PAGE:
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Why Corporate Worship is the Most Important Habit for Christians

  • Liz Kanoy What topic related to Christianity, faith, and the Bible is trending online and in social media today?
  • Updated Mar 07, 2016

There are plenty of habits, we as Christians need to be practicing, such as prayer, Bible reading and study, corporate worship, singing, sharing the gospel, and helping and loving others. Sometimes we call them spiritual disciplines; their purpose is for spiritual growth and they are to be done out of loving obedience. But is there one single habit that’s the most important?

David Mathis, executive editor for and author of Habits of Grace, has written an article for titled Your Single Most Important Habit. Mathis states,

While I cannot commend one keystone habit that will make the difference for every believer, I do want to speak up on behalf of one weekly habit that is utterly essential to any healthy, life-giving, joy-producing Christian walk: corporate worship. And it is all too often neglected, or taken very lightly, in our day of disembodiment and in our proclivity for being noncommittal. In fact, I do not think it is too strong to call corporate worship the single most important habit of the Christian life.”

This may seem a bit surprising as the single most important habit for Christians; however, corporate worship is where we find encouragement in all the other spiritual habits vital to the Christian life. Believers are meant to be together, to learn together, worship together, to pray for each other, and encourage each other.

Mathis shares,

The reason corporate worship may be the single most important Christian habit, and our greatest weapon in the fight for joy, is because like no other single habit, corporate worship combines all three essential principles of God’s ongoing supply of grace for the Christian life: hearing his voice (in his word), having his ear (in prayer), and belonging to his body (in the fellowship of the church).”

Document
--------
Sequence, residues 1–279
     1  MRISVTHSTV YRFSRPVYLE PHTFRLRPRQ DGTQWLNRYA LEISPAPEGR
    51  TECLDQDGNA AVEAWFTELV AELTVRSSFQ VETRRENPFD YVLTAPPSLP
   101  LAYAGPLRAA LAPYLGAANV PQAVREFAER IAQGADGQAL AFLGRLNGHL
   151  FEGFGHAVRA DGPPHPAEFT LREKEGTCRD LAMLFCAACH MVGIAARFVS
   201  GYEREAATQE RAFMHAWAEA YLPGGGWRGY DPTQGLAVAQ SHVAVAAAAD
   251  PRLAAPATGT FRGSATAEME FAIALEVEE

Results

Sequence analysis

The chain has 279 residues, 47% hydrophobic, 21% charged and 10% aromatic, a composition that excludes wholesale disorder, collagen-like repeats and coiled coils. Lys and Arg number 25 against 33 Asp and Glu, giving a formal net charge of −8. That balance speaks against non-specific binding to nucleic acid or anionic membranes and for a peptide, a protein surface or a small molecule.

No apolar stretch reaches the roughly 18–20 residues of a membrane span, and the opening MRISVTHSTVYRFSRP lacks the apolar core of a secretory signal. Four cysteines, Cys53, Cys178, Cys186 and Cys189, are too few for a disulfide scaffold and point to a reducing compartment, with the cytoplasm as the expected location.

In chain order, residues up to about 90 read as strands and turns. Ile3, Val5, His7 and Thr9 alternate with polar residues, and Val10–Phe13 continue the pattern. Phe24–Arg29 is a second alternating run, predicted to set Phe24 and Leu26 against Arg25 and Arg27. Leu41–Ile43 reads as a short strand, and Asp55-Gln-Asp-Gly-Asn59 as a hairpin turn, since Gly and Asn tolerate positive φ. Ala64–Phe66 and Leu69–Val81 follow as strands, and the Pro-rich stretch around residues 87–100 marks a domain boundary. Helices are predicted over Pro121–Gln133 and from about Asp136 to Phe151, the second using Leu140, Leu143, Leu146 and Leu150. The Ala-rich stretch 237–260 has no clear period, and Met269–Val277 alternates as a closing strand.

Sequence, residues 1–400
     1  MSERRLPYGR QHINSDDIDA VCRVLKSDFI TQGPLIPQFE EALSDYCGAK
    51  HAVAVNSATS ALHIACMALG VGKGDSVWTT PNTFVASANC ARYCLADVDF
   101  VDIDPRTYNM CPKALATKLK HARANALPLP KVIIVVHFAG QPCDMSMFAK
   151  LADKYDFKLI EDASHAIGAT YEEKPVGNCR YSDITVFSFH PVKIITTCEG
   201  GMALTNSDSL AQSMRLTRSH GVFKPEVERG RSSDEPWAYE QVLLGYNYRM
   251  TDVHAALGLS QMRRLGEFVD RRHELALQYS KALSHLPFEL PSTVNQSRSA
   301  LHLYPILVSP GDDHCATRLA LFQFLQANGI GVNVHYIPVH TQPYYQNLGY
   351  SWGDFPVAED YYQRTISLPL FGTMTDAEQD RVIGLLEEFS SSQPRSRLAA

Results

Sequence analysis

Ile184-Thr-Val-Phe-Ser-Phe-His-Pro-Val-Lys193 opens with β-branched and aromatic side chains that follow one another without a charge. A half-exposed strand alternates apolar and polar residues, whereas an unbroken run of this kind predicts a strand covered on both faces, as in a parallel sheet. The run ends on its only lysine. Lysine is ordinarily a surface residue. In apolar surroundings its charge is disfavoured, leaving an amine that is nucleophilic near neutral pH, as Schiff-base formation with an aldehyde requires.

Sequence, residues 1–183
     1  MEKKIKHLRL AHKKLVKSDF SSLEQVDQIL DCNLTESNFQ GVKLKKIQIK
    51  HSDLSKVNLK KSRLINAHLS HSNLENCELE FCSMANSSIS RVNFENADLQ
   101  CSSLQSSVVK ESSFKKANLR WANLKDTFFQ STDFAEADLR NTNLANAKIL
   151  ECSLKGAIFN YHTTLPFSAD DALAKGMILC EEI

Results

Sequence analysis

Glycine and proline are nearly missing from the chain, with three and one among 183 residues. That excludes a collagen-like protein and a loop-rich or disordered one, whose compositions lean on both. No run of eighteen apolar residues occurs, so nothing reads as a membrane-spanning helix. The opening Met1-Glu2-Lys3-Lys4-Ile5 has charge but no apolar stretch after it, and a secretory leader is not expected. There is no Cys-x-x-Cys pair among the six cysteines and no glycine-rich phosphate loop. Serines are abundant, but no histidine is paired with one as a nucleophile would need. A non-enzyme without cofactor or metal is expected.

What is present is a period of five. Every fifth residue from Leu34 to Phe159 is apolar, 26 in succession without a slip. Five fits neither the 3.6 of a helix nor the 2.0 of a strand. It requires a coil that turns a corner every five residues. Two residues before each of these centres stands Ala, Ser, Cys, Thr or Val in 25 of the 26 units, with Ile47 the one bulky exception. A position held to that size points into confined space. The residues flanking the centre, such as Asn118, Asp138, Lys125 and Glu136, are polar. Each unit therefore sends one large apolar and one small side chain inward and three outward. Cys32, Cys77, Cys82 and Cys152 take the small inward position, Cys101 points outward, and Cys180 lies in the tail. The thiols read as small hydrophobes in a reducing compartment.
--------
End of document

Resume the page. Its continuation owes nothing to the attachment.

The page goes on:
Hebrews 10:24-25 reads,

Let us consider how to stir up one another to love and good works, not neglecting to meet together, as is the habit of some, but encouraging one another, and all the more as you see the Day drawing near.”

Mathis explains,

By clearly delineating a bad habit that we must not develop — “neglecting to meet together” — Hebrews is also making clear what good habit we should cultivate, and feed: meeting together. Today’s temptation to underestimate the importance of the weekly assembly is as old as the church itself. And yet, the great irony is that the habit of meeting together with Christ’s people to worship him is utterly crucial for the Christian life.”

Not attending church can become a bad habit for Christians, and one that may not seem like a big deal. You may not feel like going that morning, you may be tired, and you may not feel like it’s necessary every week. Or you may have had a bad experience in the church whether with a pastor or other Christians in the church; the pain from that experience is real and unfortunate.

Sadly, not every church puts Christ first, and it reflects in the way people are treated there. I would encourage you not to write off corporate worship but to seek out another church until you find one that is biblical (everything taught is supported by Scripture), Christ-centered (everything points to Christ and His gospel), and one that encourages Christian community and growth.

As Mathis relays, “God didn’t make us to live and worship as solitary individuals.” So when believers neglect corporate worship, they are neglecting God’s design. If God’s Word expresses the importance of meeting together in worship, then we can guarantee it’s something He desires us to take part in. This is not to say of course that there are times when we will miss church for illness, travel, and unexpected circumstances. Corporate worship should be an important habit for Christians, but it shouldn’t be done in a legalistic way.

Mathis writes,

And just to be sure, the reason to make corporate worship a habit is not to check the box on perfect attendance, and not because corporate worship alone is enough to fully power the Christian life, and not because mere attendance in worship will save your soul. This is not a call for legalistic going-through-the-motions. The hope is not just to show up and be a shell.

Rather, this is a summons to harness the power of habit to rescue our souls from empty excuses that keep us from spiritual riches and increasing joy. Negligence and chronic minimizing of the importance of corporate worship reveal something unhealthy and scary in our souls. Let’s resist it with fresh resolve.”

There is grace in spiritual habits, including corporate worship. Mathis says this in his article, How to Put Yourself in the Path of God’s Grace:

For the glory of God, the good of others, and the satisfaction of our souls, the goal of the Christian life is such Christlikeness, or godliness, or holiness rightly understood. And all our exertions of effort toward that goal are gifts of grace.”

God gives His grace freely; we are not graded on our spiritual growth. However, it is because God loves us and gives His grace freely that we should strive to obey Him in love and gratitude—desiring nothing more than the greatest gift He has already given us.

To read David Mathis' full article please visit

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Publication date: March 7, 2016

Liz Kanoy is an editor for